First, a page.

SCIENTIFIC NAME: Annona squamosa
FAMILY: Annonaceae

The Sugar Apple is one of the finest tropical fruits suited to the Townsville region. The fruit is heart-shaped, 75 mm in diameter, with yellowish-green skin. The pulp is white, tender, delicate and delicious.

It is commonly seen in the older backyards of the inner suburbs as an untidy-looking shrub covered with small, stunted fruit. With due care this species can be transformed into a lush attractive specimen that can provide a delicious dessert over a long period.

The sugar apple will do well in a sunny to partially-shaded position in soil that is well limed to achieve a pH of 7.0 to 8.0. On clay soils the planting area should be mounded to prevent water logging and root rot.

Main nutrient requirements are nitrogen, phosphorous, potassium and, perhaps the most important nutrient of all for this species, zinc, which would seem to be the elixir of life to the sugar apple: in zinc-deficient soils it will remain unhealthy and unproductive.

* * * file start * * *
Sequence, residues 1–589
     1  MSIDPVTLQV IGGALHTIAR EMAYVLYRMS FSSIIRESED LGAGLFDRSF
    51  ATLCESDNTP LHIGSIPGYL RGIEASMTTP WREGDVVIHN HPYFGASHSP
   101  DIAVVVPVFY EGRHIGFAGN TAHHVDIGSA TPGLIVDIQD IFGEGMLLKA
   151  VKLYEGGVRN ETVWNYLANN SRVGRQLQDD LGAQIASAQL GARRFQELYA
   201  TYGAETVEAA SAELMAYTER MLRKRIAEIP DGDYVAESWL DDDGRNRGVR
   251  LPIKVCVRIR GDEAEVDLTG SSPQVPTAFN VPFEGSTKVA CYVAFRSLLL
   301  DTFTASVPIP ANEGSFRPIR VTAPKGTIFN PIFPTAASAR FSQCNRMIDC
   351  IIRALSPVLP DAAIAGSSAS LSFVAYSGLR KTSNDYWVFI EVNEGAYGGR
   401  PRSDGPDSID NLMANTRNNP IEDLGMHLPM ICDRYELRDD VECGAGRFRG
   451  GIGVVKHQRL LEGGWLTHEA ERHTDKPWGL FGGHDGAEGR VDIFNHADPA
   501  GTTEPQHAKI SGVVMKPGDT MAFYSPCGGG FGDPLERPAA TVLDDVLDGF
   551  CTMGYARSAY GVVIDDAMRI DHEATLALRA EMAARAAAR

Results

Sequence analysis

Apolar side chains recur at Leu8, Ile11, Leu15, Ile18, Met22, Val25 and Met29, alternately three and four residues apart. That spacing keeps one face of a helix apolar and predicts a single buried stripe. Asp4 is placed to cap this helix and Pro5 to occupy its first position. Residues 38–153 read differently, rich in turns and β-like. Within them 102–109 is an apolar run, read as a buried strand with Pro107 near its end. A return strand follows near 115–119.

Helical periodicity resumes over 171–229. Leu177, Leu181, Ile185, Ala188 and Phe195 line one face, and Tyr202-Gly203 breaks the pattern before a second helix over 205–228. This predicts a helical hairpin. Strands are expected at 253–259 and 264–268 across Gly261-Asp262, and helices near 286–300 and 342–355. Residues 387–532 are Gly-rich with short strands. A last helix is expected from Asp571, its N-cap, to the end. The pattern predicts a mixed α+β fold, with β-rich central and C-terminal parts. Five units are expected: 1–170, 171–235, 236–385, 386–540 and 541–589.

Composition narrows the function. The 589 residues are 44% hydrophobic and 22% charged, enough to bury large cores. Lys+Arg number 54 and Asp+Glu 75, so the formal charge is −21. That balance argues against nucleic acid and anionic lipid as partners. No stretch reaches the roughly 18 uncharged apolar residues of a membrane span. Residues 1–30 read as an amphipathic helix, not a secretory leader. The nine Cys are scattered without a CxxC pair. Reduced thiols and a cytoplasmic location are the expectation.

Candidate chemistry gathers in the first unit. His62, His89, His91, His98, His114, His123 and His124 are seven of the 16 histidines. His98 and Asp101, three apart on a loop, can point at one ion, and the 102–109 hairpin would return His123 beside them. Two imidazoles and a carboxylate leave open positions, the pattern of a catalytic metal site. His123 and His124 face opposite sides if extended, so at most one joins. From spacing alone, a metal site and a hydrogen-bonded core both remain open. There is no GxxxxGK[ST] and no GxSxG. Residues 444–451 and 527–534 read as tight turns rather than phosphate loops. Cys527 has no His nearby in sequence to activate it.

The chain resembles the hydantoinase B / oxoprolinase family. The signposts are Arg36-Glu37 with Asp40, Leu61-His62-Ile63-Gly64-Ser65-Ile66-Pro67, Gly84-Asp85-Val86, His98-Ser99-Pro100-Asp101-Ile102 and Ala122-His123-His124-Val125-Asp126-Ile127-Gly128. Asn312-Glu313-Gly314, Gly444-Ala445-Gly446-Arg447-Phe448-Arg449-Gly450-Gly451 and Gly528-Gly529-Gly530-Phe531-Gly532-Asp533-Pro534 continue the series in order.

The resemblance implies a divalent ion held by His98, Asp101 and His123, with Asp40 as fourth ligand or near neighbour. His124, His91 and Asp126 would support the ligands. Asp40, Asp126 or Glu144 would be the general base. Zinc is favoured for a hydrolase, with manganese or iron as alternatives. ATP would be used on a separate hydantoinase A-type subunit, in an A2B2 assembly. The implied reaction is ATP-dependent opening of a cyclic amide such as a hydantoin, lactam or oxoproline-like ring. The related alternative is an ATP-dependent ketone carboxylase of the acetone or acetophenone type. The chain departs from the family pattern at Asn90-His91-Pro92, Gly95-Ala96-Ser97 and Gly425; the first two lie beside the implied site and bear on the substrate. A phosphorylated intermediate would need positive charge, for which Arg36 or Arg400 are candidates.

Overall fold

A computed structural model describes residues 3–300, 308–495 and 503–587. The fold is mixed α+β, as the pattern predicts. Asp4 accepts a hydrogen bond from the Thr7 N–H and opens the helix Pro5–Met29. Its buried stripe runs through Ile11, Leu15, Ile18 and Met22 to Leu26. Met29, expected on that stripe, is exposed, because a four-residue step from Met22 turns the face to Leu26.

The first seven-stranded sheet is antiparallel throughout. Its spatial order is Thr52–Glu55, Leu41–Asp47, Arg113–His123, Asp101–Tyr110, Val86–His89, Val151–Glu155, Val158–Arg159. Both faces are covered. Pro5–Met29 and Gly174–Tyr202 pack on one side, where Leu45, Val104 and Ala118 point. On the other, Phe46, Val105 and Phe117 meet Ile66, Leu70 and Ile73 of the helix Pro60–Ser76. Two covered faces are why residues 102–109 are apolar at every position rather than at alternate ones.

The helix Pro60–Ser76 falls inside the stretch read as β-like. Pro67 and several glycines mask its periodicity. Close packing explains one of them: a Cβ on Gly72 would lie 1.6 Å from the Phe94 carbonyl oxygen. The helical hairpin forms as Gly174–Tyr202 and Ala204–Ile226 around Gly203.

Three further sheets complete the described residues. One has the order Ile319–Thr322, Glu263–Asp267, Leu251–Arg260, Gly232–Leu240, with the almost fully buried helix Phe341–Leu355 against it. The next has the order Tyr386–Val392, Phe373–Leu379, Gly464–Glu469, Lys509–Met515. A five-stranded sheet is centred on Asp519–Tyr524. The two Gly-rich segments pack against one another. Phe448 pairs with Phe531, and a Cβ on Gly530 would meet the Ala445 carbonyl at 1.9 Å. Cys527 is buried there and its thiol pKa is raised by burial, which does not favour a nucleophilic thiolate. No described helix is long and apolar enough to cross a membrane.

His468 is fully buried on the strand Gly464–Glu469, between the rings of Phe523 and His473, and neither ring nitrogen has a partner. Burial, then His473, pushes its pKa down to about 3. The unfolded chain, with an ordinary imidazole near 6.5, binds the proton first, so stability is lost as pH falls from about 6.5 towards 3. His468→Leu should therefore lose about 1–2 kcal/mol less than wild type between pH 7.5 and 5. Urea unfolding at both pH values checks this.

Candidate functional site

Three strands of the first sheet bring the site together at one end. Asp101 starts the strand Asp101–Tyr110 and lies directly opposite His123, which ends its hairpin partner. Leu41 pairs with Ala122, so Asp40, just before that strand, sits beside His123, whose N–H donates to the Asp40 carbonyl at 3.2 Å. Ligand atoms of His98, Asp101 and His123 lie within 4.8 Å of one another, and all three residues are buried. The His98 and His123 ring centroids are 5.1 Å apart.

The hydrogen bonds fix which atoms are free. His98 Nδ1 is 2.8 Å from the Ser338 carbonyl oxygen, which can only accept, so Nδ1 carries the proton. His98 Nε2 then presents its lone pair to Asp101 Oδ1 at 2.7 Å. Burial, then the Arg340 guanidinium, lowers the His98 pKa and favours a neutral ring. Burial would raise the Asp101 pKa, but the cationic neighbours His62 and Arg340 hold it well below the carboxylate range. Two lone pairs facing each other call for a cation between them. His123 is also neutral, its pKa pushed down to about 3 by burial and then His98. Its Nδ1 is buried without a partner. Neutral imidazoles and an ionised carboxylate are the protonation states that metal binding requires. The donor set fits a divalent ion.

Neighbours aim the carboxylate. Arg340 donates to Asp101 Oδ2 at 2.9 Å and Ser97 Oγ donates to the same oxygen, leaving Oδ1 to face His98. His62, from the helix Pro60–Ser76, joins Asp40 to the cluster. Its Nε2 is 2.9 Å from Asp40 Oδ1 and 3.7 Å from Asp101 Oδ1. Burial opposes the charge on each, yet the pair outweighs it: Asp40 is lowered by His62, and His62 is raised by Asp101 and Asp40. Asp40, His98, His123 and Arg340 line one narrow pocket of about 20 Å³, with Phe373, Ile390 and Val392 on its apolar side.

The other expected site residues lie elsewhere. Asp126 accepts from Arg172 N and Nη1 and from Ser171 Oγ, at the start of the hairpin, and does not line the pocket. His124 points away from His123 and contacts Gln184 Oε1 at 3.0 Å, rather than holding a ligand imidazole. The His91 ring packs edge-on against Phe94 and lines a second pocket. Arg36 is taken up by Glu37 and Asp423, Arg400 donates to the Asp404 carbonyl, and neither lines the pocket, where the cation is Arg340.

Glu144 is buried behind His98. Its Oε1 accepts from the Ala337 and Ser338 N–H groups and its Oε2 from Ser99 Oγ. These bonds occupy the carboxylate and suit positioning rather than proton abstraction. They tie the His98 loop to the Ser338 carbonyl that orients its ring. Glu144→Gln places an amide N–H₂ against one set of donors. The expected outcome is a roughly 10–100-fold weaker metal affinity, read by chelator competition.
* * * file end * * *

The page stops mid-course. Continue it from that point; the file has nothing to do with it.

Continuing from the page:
The species requires a lot of water during the spring growth flush after its short dormant period and following with a regular watering schedule will ensure that new flowers are continually being developed.

For the first three years new branches should be pruned back to one third their original length, but not before the first flush of growth has commenced after dormancy. The only other pruning is to keep the centre of the tree open.

John Byatt
R.F.C. Publicity Officer

DATE: July 1983

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